Former Apple engineer pushes wearables to the next level with Moov

Best Fitness Tracker

The Jawbone UP24 is the best fitness tracker on the market right now, hands down. The design is great, it’s accurate, the accompanying software is terrific and so far the battery hasn’t gone bad. What the UP24 is not, however, is a game-changer that shows us the future of wearables and fitness tracking. UP24, like most competing solutions, is passive. It tracks your movements and then shows you historical data. But what if there was a solution that doesn’t just show you what you have done, but also tells you what you should do.

Moov looks to become the first device to do that effectively, and it gives us a glimpse of the exciting things to come from the wearables market.

Screen Shot 2014-02-27 at 11.32.58 AM

Co-founded by former Apple engineer and Halo developer Nikola Hu alongside Meng Li and Tony Yuan, the Moov is a solution that adds artificial intelligence and gamification to fitness tracking.

Billed as a “Siri for sweat,” Moov acts as a coach, monitoring your movements, critiquing them, and giving you advice on how to improve your workout. But it’s not just for workouts — Moov can be attached to a wide range of things to help people improve themselves. In one example, a Moov user attaches the device to his golf club and gets advice on how to improve his swing.

Screen Shot 2014-02-27 at 11.32.14 AM

There is also an AI aspect to Moov, which is a small waterproof disc that attaches to a band and can be worn on the wrist, ankle or elsewhere.

It monitors your movements and progress over time, communicates with a connected iPhone app, and constantly gives new advice to help you improve. Even from day 1, however, Moov can have a dramatic impact on workouts. Another use case shows a runner attaching Moov to her ankle as learning almost immediately that there are dangerous imperfections in her stride.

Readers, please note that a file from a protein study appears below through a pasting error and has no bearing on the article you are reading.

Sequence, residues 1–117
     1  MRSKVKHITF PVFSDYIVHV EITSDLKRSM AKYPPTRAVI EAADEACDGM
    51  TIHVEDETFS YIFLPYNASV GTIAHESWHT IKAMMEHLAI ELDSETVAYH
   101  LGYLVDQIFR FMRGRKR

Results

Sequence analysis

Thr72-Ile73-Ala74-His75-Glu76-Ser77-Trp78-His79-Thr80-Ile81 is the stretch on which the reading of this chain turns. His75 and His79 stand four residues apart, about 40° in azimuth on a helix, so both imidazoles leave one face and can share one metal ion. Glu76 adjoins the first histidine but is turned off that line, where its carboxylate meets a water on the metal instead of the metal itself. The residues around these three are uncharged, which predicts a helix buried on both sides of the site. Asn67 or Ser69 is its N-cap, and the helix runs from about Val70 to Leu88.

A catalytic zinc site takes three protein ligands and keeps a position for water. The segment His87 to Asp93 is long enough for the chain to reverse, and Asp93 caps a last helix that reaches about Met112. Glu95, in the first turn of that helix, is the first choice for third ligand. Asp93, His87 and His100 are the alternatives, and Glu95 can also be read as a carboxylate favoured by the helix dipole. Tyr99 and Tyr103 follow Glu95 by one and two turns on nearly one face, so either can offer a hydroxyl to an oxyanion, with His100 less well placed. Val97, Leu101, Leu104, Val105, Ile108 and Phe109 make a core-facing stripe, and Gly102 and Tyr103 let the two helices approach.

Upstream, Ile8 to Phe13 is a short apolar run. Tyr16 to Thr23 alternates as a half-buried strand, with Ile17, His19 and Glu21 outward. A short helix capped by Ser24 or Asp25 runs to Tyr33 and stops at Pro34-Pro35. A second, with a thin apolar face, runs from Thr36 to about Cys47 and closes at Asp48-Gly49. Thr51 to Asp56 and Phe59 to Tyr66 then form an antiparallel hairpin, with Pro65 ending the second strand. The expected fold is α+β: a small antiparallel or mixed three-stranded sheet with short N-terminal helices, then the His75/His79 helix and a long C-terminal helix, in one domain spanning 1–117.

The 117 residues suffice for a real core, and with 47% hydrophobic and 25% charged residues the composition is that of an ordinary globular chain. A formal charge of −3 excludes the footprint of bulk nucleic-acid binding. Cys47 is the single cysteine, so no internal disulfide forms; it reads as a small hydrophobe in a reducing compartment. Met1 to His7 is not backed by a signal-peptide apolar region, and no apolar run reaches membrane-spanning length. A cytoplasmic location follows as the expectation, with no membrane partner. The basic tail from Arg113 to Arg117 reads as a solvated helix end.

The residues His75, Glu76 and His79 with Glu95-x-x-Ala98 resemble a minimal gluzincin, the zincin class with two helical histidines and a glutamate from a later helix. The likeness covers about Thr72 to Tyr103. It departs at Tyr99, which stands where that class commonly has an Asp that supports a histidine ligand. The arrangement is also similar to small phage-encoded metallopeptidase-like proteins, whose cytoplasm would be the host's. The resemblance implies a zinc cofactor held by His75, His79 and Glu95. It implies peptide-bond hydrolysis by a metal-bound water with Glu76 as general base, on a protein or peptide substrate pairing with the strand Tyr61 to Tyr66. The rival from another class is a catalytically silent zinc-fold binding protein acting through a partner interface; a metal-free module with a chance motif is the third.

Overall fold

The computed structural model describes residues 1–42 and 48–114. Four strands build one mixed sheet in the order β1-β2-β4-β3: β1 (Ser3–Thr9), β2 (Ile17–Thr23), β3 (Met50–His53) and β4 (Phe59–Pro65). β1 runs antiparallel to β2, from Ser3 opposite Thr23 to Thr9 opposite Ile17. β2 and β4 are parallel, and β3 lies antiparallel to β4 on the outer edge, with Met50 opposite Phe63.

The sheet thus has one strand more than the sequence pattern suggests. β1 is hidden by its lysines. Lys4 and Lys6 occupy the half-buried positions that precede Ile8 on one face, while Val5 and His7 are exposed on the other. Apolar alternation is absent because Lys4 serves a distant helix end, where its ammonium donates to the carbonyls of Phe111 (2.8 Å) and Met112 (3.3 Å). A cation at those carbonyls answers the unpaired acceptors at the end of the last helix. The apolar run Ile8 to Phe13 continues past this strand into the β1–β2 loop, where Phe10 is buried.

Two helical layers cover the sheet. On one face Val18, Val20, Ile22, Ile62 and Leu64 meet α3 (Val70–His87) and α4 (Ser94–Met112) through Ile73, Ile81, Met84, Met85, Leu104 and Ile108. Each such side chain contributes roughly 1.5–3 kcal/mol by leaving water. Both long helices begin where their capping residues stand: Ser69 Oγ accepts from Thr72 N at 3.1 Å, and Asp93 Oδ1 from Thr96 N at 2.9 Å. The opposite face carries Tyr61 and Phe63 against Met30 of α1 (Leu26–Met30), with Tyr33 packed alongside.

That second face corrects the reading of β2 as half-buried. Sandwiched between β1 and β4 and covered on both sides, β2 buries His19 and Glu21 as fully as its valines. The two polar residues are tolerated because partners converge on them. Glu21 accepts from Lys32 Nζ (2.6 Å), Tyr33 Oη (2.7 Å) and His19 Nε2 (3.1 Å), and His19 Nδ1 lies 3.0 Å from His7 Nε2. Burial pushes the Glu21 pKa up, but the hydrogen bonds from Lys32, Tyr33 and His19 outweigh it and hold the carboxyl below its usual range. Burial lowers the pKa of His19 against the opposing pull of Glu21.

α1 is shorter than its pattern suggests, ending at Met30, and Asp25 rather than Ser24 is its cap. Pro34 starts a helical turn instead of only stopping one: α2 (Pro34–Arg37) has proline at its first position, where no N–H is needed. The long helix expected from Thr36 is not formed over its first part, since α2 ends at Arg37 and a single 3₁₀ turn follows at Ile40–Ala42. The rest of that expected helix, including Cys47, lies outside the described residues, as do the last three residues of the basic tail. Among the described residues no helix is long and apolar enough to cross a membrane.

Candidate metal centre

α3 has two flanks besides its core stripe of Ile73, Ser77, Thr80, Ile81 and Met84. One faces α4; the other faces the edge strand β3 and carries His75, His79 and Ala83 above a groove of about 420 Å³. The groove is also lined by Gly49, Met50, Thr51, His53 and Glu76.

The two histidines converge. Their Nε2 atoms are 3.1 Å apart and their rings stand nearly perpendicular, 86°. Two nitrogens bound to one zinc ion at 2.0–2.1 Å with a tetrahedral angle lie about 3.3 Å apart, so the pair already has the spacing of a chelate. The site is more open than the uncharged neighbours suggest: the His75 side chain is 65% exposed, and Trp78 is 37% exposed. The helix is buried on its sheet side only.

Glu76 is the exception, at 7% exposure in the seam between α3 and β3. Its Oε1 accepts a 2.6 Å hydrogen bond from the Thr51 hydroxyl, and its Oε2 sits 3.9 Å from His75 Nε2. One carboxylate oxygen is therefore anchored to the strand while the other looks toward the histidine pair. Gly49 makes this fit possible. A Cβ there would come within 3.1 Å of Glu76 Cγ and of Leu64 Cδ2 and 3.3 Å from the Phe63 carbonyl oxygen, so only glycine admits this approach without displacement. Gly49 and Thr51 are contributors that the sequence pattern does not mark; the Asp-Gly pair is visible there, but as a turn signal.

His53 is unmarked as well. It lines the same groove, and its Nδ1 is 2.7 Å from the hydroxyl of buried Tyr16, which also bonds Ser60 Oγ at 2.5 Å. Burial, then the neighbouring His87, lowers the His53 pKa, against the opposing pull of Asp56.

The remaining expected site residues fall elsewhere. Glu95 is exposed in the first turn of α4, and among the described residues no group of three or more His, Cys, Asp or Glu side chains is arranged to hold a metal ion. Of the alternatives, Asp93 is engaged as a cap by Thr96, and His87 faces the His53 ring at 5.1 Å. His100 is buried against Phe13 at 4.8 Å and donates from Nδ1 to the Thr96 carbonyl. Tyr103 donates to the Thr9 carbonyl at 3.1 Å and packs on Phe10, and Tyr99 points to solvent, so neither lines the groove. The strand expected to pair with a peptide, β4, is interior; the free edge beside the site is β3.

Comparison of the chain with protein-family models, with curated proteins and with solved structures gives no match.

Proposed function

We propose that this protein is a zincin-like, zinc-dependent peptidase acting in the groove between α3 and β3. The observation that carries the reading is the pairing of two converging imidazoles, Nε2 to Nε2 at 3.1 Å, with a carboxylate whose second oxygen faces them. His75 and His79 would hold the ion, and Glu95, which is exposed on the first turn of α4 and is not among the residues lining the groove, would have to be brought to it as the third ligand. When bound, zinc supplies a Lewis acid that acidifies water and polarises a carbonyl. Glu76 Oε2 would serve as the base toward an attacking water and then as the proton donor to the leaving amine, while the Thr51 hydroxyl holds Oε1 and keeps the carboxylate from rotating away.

“We designed Moov to end the era of the bullsh*t workout, which is what millions of Americans engage in every day, good intentions but inaccurate and injury-inducing actions and poor form,” company co-founder Meng Li said. “Moov aims to end those experiences and make exercise worth your time and effort.”

Screen Shot 2014-02-27 at 11.32.34 AM

Now for the bad news: Moov doesn’t actually exist yet, at least not for consumers.

The new company is looking to crowdfund $40,000 in order to make Moov a reality and ship the first batch of devices this coming summer. Those interested in being among the first to own Moov can preorder the devices for $59 each, or two for $99. Moov is also offering a discount of $5 per referral that leads to a purchase.

When the Moov launches later this year, it will retail for $120.

Preorders are open beginning immediately on the Moov website, which is linked down in our source section. A video highlighting various exciting Moov use cases is embedded below.

Source:
Moov
blog comments powered by Disqus